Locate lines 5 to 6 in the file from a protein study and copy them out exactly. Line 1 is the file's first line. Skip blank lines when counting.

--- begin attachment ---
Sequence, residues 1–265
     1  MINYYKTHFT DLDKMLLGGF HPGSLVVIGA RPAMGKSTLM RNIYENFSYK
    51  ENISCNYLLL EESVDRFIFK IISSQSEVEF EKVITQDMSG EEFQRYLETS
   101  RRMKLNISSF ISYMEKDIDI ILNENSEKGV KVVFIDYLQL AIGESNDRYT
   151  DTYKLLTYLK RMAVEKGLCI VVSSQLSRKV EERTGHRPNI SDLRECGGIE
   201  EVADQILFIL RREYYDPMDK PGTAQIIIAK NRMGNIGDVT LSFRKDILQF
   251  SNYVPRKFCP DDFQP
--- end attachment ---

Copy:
   151  DTYKLLTYLK RMAVEKGLCI VVSSQLSRKV EERTGHRPNI SDLRECGGIE
   201  EVADQILFIL RREYYDPMDK PGTAQIIIAK NRMGNIGDVT LSFRKDILQF